There’s a lot more these days to being a writer than sitting in front of a keyboard and watching the words travel across the screen like ants. Some of the promotional stuff can be hired out if budget allows, but a lot more falls on the writer than ever before. With writing and indie publishing and everything that goes with it there’s rarely a spare minute in my day.
But I wouldn’t have it any other way.
Wednesday, April 29, 2015
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Tuesday, April 28, 2015
Pretty subjective, right? I mean that really boils down to who you are, what your personality is like and what you do with your day (do you have a full time job and write in between or are you a full-time writer with perhaps a part-time side job or no other job at all; just kids running around the house).
Any writer you talk to is going to tell you something different; have a different time or schedule or lack thereof for writing. So, all I can do is tell you what my ‘worst’ time for writing is.
Ahem – the middle of the night.
Okay, lots of writers cherish that time. They say it’s quiet and they can get a lot accomplished. Lots of caffeine and away we go.
Yeah, well, okay for them. To each their own.
Here’s how it goes for me. My best time is morning followed closely by right after lunch. I can write other hours and have written other hours including the middle of the night, but for me it’s not recommended.
For starters in the middle of the night I want to go to sleep. Sorry, no night owl here. Never have been. Age didn’t matter, young, older, whatever, I like to sleep in the dark.
And, because I want to sleep I’ll probably drop off sometime in there while writing and my nose will end up flattened in the keyboard. Painful when I do wake up and messes up the document something terrible. Also I might add caffeine doesn’t really work for me – unless I drink something caffeinated right before bed time because I had a craving and don’t want it to work. Go figure.
I admit I am one truly lucky writer. I have my study and I have all day to choose my hours. Not that I don’t keep fixed hours because if you don’t you won’t write. Seriously. Keep that in mind.
There was a time when I had to have a full time job and write around it. That consisted of a 9-5 job from which I raced home, grabbed some dinner like I was running a relay race, then lock myself into my study for three to four hours as night settled in. No TV, no movies (except maybe on a weekend) and reading was restricted to my early mornings and lunch hours. It was stressful. Thankfully at that point I wasn’t married, at least not at first. When I did get married we had to have the ‘talk’ before we got serious. In this case the ‘talk’ wasn’t about sex or kids or anything like that, it was instead about how important my writing was to me and how I couldn’t give it up but was willing to negotiate concessions.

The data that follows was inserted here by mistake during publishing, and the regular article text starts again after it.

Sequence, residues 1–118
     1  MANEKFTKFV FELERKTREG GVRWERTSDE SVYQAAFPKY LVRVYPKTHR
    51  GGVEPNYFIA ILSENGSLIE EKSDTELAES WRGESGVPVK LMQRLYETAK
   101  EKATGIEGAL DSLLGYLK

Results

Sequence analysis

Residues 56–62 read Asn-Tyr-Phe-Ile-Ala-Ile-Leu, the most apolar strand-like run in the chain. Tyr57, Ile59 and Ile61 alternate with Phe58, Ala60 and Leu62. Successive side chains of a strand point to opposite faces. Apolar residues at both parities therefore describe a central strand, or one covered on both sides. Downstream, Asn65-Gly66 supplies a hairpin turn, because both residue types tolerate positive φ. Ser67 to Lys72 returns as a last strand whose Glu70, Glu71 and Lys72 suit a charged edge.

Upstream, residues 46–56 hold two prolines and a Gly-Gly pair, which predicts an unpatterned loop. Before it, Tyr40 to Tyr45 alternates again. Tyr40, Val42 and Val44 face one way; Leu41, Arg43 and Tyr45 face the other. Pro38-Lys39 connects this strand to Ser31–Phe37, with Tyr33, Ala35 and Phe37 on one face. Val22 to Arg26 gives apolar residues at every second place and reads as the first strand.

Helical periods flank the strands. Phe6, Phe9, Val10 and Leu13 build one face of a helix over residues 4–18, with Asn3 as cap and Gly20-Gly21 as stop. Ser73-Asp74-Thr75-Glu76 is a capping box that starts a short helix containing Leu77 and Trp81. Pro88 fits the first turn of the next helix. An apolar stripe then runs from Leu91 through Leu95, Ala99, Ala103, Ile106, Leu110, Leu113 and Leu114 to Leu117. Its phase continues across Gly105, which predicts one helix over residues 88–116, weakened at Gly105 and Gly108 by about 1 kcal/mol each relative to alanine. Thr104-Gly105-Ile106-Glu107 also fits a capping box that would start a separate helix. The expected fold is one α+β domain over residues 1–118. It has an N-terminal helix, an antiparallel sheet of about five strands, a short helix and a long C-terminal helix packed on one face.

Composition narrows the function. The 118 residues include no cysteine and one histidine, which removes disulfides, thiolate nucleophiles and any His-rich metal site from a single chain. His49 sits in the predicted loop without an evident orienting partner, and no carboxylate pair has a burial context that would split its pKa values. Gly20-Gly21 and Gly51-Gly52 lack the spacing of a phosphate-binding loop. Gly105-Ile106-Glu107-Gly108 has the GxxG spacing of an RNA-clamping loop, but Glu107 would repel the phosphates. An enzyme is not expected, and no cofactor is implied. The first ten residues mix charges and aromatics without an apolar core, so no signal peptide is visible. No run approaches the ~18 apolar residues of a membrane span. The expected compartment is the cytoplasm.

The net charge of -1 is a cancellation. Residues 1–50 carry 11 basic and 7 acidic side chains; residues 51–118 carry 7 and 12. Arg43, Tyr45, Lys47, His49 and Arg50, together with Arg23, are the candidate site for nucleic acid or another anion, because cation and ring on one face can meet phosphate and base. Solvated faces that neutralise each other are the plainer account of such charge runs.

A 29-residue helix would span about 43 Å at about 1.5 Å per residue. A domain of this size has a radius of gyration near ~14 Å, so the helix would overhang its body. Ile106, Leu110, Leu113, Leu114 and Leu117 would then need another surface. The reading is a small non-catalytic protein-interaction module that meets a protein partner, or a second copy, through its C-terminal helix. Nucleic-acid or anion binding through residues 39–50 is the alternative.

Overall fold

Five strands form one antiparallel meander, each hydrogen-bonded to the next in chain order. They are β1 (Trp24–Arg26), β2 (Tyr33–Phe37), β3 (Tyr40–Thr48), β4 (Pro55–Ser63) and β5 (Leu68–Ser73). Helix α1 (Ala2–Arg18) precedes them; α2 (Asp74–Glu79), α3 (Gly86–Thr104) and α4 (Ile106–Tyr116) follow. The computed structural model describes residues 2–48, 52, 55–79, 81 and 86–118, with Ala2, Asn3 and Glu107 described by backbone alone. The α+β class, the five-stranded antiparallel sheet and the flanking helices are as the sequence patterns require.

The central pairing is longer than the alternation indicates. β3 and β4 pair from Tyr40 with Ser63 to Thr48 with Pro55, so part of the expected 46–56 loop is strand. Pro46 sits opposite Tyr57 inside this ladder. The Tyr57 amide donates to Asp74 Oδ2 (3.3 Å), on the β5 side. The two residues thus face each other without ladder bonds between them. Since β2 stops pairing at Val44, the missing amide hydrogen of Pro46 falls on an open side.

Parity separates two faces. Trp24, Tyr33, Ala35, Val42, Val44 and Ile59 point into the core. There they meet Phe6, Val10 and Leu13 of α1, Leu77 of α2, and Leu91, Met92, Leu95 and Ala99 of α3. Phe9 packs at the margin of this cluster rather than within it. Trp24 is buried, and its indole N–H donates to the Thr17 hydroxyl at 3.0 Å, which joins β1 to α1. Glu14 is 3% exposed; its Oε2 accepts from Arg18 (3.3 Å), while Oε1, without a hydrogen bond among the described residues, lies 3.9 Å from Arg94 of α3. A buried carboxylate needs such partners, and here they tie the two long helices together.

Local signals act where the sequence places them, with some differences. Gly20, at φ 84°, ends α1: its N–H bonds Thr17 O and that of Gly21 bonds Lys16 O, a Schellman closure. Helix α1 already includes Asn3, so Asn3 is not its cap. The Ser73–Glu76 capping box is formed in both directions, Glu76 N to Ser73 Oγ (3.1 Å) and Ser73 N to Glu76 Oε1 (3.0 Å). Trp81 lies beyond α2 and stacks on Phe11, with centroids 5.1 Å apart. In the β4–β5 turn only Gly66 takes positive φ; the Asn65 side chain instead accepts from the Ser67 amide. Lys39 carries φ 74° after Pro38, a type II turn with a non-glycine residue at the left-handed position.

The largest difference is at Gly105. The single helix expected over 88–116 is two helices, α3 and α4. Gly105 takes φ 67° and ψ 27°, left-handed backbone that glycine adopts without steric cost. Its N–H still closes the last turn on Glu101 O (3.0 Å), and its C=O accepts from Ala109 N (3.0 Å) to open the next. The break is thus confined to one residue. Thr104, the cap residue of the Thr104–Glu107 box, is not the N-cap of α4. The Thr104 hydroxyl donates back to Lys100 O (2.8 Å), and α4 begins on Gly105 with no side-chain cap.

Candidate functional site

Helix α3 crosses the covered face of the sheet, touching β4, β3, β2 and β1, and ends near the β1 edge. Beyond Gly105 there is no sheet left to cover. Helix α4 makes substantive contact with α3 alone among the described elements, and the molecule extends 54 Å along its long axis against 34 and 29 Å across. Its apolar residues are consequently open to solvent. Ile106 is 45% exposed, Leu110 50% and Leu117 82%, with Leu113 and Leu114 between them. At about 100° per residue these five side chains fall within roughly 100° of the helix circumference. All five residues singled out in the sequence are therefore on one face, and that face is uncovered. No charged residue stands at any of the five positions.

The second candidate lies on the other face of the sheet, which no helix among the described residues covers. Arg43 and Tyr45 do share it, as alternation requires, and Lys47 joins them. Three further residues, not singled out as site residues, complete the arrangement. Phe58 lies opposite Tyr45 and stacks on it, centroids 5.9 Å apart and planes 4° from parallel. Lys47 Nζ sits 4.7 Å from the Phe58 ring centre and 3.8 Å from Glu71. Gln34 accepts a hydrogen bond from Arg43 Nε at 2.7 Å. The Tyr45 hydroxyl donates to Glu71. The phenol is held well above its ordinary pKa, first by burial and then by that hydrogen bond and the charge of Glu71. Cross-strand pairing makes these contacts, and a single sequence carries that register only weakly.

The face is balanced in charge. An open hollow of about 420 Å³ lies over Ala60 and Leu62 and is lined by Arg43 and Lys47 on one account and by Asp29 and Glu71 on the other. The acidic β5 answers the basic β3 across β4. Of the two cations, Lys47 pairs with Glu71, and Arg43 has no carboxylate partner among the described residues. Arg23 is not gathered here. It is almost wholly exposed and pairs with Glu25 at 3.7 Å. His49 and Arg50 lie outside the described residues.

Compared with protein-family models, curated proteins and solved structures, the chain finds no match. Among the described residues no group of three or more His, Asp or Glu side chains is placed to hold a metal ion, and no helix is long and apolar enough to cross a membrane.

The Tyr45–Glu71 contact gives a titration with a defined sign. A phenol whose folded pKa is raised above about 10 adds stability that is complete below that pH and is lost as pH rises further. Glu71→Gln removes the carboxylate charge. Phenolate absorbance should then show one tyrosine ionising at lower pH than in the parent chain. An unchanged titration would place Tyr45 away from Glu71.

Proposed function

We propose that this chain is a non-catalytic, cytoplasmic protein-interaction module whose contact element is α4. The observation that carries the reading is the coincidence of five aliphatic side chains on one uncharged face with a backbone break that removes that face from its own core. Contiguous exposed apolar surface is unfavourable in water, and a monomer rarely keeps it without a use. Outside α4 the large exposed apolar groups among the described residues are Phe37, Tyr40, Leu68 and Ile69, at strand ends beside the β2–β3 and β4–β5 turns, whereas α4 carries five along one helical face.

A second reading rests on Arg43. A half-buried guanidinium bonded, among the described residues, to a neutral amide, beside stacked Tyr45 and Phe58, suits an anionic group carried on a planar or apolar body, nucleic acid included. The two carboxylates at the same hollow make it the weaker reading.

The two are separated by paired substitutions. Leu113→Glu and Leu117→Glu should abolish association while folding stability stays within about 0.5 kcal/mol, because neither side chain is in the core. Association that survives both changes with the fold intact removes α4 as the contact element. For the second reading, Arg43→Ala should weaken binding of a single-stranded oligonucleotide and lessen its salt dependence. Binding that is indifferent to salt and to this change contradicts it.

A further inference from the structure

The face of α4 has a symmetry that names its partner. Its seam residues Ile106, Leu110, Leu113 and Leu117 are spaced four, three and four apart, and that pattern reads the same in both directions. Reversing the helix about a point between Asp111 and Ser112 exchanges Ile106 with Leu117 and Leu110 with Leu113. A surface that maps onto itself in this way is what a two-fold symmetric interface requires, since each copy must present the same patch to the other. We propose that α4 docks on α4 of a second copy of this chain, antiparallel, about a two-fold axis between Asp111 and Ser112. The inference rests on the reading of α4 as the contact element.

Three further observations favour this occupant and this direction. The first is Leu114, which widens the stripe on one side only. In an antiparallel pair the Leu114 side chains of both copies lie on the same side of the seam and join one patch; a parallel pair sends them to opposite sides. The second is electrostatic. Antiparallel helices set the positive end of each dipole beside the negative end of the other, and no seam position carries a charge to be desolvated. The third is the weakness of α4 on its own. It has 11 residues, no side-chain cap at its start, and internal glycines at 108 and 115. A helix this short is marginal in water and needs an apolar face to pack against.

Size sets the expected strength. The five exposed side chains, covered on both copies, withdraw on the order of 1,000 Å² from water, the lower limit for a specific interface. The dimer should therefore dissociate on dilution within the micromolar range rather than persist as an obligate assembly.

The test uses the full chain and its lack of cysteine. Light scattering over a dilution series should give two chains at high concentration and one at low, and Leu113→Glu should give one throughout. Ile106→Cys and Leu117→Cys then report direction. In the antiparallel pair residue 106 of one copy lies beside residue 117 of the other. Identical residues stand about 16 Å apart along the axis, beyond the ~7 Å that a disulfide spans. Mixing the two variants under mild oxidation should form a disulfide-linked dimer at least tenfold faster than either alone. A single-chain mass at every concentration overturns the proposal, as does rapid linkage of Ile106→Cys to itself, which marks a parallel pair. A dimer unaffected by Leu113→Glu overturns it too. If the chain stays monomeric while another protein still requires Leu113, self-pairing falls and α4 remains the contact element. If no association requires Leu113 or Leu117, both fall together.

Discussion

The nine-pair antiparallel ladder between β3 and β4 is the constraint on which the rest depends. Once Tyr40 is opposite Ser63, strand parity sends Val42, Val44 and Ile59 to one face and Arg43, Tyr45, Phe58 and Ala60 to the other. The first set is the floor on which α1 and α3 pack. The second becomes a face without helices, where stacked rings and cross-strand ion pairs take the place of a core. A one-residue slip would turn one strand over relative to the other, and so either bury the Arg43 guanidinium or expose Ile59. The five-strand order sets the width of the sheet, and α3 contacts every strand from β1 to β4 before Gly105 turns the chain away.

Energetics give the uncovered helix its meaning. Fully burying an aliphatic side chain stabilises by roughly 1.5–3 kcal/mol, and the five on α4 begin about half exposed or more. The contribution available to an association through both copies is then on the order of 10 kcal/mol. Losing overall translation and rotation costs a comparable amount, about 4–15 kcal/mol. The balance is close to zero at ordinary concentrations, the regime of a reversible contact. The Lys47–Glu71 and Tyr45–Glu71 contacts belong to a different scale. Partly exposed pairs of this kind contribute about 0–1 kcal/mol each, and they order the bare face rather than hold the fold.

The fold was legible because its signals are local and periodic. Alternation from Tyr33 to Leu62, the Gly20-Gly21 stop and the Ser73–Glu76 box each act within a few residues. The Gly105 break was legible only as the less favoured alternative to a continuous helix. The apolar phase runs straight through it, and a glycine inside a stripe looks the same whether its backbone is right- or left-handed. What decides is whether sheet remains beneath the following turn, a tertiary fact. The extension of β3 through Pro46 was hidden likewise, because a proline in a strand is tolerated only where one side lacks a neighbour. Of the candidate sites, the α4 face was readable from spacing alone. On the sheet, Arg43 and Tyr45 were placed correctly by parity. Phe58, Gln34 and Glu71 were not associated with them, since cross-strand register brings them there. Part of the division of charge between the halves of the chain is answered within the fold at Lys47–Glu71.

The guy I married was nothing short of saintly and understanding. He wrote too though he wasn’t the fanatic I was. (Check out his young adult books on Amazon like The Tales of Caer Alban The Voyage of thePeregrin and Dragons & Demons, Angels & Eagles). So no doubt that helped. Even if he wasn’t possessed as I was, he at least understood and we worked to have a schedule that allowed for work, my writing and time together. Wonderfully strangely it worked out. I eventually transitioned to a part time job in the afternoons as an attorney’s assistant leaving mornings free for writing.
But that’s in the past now and I write full time. It makes life a lot easier because I don’t have to write evenings (which I never liked anyway) or in the dark of the night.
Another reason my personal worst writing time is late at night or during the wee hours is it’s dark. For some reason my brain cells don’t fire at their best in the dark. Doesn’t matter I got a daylight lamp on my desk. Yes, I can see better with it, but the focusing thing is still a problem.
Besides, when I force myself to stay up late I’m almost in party mode. It’s like let’s go catch a movie or hang out with friends. Why am I here at this keyboard and staring at a Word document? Why are my characters even up this late?
So you can see why the dead of the night is the worst time for me to be writing. And of course that’s me. How about you? If you write jot down your favorite time in the comments box. If you just love to read, welcome to a little corner of my world.